Reinsurance News

Planes still stranded in Russia as lessors end rental contracts

29th March 2022 - Author: Matt Sheehan

Hundreds of Western-manufactured planes remain stranded on the ground in Russia, despite Irish lessors having now terminated their Russian airline leases in line with the European Union’s (EU) sanctions deadline.

Irish lessors, which account for more than 60% of the world’s fleet of leased aircraft due to the country’s favourable tax regime, all ended their leasing agreements by Brussels’ Monday deadline, reports suggest.

The deadline formed part of the package of economic sanctions imposed by the EU following Russia’s invasion of Ukraine.

Aviation has been a major concern for the re/insurance industry since the outbreak of the conflict, with analysts warning of the potential for historic losses if Russia goes ahead with its move to nationalise Western-made planes grounded within its borders.

And with more than 400 planes reportedly still stranded even now leases have been terminated, the potential for a huge loss to lessors, and to re/insurers, now seems ever more likely.

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Some commentators have suggested that the remaining planes represent a possible loss of $10 billion if they cannot be repossessed.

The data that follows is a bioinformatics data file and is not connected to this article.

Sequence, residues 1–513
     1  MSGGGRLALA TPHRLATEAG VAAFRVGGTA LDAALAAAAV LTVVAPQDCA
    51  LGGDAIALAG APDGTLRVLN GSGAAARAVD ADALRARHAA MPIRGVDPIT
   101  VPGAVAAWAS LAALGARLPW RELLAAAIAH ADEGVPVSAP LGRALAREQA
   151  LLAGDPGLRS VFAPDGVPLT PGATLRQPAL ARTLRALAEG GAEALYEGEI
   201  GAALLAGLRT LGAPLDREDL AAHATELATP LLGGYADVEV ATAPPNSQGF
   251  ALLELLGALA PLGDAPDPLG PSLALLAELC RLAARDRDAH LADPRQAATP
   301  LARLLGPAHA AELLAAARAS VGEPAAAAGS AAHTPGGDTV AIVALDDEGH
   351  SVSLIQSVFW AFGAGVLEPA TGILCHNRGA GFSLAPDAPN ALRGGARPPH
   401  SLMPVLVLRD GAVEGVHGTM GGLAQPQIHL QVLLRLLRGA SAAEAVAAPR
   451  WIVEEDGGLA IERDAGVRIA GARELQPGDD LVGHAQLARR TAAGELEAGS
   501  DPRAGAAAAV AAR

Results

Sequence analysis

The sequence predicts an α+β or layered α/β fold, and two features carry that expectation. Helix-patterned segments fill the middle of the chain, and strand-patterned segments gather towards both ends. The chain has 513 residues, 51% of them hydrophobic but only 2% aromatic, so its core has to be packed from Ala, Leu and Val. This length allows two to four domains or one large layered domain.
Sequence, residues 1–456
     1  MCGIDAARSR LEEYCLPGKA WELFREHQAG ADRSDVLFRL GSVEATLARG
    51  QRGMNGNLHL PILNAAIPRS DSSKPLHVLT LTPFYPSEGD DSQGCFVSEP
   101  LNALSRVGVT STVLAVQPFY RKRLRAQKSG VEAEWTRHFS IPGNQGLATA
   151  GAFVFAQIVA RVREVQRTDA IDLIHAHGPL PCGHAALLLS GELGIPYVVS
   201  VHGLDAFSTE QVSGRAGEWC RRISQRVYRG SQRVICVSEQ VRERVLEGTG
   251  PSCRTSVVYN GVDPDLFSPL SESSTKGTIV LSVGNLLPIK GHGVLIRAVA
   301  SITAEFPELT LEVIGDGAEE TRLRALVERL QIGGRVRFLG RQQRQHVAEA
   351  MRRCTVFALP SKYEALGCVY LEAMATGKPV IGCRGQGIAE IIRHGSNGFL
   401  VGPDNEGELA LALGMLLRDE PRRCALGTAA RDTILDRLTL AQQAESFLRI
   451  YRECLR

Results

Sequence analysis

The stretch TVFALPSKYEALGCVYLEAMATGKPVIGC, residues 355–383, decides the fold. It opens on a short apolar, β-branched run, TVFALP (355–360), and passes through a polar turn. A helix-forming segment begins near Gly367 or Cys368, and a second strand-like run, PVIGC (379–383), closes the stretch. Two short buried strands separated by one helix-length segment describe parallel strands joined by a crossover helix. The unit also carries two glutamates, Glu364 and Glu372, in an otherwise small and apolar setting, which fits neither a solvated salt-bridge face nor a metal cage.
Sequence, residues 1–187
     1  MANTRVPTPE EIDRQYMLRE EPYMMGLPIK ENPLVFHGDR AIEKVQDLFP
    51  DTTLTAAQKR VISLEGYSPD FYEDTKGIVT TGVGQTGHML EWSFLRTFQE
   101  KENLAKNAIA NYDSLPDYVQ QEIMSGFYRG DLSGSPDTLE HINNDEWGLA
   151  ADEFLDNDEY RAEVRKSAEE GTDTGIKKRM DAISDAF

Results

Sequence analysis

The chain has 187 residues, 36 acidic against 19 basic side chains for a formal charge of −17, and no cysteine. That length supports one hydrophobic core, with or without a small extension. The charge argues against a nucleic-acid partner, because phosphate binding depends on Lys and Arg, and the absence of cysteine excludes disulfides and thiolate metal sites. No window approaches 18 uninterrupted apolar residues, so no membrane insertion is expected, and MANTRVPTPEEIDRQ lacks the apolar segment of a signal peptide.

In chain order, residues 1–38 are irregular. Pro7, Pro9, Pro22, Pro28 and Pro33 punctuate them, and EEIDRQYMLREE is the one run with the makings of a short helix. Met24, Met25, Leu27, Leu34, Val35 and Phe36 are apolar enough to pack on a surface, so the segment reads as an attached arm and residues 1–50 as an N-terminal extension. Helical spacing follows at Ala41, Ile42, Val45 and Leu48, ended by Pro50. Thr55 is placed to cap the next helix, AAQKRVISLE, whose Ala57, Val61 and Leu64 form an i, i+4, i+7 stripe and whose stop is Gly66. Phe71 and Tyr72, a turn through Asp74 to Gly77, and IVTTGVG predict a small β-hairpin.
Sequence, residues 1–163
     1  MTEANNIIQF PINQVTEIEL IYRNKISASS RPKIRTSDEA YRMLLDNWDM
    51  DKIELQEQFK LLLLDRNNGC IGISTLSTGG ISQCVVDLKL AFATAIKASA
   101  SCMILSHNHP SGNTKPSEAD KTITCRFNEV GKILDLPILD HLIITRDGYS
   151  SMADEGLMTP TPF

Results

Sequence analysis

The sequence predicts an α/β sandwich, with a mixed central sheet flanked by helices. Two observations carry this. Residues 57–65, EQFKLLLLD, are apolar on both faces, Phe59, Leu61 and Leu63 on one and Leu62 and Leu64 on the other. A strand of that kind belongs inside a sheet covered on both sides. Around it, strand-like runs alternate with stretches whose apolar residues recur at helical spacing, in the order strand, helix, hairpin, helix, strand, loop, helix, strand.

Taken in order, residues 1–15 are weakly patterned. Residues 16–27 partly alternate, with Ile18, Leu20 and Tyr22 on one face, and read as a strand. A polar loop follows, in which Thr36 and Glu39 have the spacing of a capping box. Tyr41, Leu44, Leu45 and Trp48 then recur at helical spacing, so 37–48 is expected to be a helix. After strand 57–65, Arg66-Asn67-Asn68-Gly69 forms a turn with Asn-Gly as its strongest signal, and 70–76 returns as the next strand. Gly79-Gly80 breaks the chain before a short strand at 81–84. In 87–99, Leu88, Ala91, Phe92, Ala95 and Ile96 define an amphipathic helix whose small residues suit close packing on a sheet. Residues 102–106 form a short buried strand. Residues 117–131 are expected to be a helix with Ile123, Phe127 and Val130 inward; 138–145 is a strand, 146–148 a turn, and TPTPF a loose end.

However, it should be noted that not all the leased planes currently inaccessible to lessors are in Russia.

Reports from Interfax news agency, quoting Transport Minister Vitaly Savelyev, suggest that more than 70  planes leased to Russian carriers have been seized while abroad and will not fly back to Russia.

Additionally, of the planes actually within Russia, it’s believed that some remain grounded due to their airworthiness certificates having been revoked, rather than due to intentions to imminently nationalise them.

But, even if these planes are returned after sanctions are lifted, they may become worthless if detailed records of their movements are unavailable, and if Russia-made parts have been used for service and repair, which are now prohibited by international standards.

Of the Irish lessors at risk, it’s believed that AerCap is most exposed, with 152 planes leased to Russian air carriers worth $2.5 billion dollars, according to reporting from Insider.

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